“A man who has been three years biting his nails on a desert island, Jim, can’t expect to appear as sane as you or me. It doesn’t lie in human nature.” (page 131)

  Indeed, as we found when we also reached the spot, it was something very different. At the foot of a pretty big pine and involved in a green creeper, which had even partly lifted some of the smaller bones, a human skeleton lay, with a few shreds of clothing, on the ground. I believe a chill struck for a moment to every heart. (page 216)

  Published by Barnes & Noble Books

  122 Fifth Avenue

  New York, NY 10011

  The Sea Cook, or Treasure Island was serialized in Young Folks between October 1881 and January 1882, then published in volume form in 1883 as Treasure Island.

  Published in 2005 by Barnes & Noble Classics with new Introduction, Notes, Biography, Chronology, Inspired By, Comments & Questions, and For Further Reading.

  Introduction, Notes, and For Further Reading

  Copyright © 2005 by Angus Fletcher.

  Note on Robert Louis Stevenson, The World of Robert Louis Stevenson and

  Treasure Island, Inspired by Treasure Island, and Comments & Questions

  Copyright © 2005 by Barnes & Noble, Inc.

  All rights reserved. No part of this publication may be reproduced or transmitted in any form or by any means, electronic or mechanical, including photocopy, recording, or any information storage and retrieval system, without the prior written permission of the publisher.

  Barnes & Noble Classics and the Barnes & Noble Classics colophon are trademarks of Barnes & Noble, Inc.

  Treasure Island

  ISBN-13: 978-1-59308-247-5 ISBN-10: 1-59308-247-9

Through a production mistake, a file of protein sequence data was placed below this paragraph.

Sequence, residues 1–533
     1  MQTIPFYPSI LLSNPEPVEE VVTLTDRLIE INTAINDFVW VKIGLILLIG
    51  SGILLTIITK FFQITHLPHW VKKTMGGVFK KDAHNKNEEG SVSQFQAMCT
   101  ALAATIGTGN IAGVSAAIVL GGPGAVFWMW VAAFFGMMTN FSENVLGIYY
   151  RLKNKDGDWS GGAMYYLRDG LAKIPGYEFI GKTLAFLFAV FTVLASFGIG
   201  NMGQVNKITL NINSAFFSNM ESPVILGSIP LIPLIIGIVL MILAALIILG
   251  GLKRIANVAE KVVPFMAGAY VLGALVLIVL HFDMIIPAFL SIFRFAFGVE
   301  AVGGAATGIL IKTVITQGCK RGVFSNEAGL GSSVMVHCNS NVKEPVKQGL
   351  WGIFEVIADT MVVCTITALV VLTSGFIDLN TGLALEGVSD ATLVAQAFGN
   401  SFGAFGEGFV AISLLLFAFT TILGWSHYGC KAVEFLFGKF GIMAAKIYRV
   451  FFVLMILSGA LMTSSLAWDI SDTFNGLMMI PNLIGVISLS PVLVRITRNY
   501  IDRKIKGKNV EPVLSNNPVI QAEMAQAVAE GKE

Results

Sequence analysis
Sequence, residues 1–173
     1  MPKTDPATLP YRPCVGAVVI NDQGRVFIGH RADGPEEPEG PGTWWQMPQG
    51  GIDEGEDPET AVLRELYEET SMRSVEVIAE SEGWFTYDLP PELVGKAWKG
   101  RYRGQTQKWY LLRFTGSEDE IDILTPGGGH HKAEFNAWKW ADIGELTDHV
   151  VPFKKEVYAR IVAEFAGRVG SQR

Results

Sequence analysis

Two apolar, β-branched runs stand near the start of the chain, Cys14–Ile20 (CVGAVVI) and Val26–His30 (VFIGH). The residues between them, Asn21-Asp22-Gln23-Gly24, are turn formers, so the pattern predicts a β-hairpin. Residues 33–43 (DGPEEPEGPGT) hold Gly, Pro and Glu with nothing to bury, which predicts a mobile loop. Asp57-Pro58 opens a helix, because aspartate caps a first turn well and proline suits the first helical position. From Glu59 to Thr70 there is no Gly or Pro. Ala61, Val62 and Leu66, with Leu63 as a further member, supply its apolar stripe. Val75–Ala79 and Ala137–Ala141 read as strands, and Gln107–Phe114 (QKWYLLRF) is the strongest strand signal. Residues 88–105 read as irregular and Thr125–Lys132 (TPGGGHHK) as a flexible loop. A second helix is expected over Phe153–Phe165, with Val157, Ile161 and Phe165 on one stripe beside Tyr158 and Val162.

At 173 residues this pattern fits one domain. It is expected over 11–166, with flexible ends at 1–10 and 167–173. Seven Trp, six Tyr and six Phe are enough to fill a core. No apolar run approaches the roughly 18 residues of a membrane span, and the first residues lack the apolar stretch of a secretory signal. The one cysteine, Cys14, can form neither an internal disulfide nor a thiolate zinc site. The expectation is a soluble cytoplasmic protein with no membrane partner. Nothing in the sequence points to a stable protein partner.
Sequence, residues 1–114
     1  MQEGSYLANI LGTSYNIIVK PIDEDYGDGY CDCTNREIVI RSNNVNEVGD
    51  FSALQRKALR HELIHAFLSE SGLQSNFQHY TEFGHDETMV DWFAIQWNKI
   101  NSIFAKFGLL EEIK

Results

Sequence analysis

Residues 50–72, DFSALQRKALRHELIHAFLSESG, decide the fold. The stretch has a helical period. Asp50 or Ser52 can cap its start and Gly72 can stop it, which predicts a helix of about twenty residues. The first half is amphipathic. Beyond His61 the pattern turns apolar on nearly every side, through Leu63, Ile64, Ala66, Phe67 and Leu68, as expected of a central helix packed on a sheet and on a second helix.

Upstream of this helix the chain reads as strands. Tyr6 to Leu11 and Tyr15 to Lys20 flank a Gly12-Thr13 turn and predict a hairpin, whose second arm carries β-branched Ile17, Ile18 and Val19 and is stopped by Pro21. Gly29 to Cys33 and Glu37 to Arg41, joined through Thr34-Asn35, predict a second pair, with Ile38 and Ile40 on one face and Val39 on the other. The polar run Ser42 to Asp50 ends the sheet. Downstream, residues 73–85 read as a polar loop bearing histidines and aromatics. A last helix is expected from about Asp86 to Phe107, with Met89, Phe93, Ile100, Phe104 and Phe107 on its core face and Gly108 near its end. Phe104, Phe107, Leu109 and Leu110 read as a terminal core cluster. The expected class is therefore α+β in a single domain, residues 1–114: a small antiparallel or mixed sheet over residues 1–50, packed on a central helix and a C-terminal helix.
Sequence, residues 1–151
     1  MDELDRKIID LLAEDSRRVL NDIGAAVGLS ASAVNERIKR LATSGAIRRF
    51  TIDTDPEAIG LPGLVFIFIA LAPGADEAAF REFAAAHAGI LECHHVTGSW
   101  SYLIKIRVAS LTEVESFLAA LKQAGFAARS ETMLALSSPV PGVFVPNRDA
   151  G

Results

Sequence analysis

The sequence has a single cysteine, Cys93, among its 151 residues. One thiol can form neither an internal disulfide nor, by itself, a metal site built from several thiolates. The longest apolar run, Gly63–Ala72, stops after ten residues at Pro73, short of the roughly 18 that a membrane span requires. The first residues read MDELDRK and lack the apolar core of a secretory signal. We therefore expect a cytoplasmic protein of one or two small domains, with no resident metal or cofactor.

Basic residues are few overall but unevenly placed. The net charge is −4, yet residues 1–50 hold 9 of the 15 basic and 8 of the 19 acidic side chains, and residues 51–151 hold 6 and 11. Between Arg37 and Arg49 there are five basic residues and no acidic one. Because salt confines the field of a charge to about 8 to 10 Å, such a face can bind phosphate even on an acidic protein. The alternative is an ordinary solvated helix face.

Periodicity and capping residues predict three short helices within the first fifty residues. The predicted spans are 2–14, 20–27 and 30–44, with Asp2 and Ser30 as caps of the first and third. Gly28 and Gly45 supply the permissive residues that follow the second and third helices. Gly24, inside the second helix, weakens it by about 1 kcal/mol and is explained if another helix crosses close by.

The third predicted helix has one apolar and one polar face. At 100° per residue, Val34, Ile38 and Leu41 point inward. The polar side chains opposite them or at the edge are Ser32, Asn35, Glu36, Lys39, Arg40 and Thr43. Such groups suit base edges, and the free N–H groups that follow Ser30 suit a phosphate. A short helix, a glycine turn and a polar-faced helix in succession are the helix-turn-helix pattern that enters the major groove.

eISBN : 978-1-411-43334-2

  LC Control Number 2004112103

  Produced and published in conjunction with:

  Fine Creative Media, Inc.

  322 Eighth Avenue

  New York, NY 10001

  Michael J. Fine, President and Publisher

  Printed in the United States of America


  9 10 8

  Robert Louis Stevenson

  The name Robert Louis Stevenson is synonymous with adventure, romance, and the exotic—qualities that characterized the author’s life as well as his fiction. Born in Edinburgh on November 13, 1850, Stevenson contracted in his early years what was probably tuberculosis, a condition that would cause repeated bouts of illness throughout his life. But frequent confinement to the sickbed did not stifle the child’s imagination. The young boy wrote tales based on biblical passages and Scottish history and soon gained a reputation as a storyteller.

  In 1867 Stevenson enrolled in Edinburgh University. His family expected that he would join the distinguished line of Stevenson engineers; instead he chose to study the law. But conventional study was, he later claimed, the farthest thing from his mind. “To play the fiddle, to know a good cigar, or to speak with ease and opportunity to all varieties of men”—these were Stevenson’s youthful pursuits, which he sought despite academic and familial consequences.

  This self-professed idler was a devoted student of the curriculum he devised for himself. Sometimes on the verge of grave illness, Stevenson wandered through the wilder quarters of Edinburgh, and he worked at honing his writing skills by imitating his favorite authors, among them Defoe, Hazlitt, and Montaigne. In 1875 he passed the bar exam, but rather than take up legal practice, he set out for the European continent; his time there is recounted in early essays and travel narratives. While in France Stevenson fell in love with Fanny Osbourne, a married American woman ten years his senior. He joined Fanny in th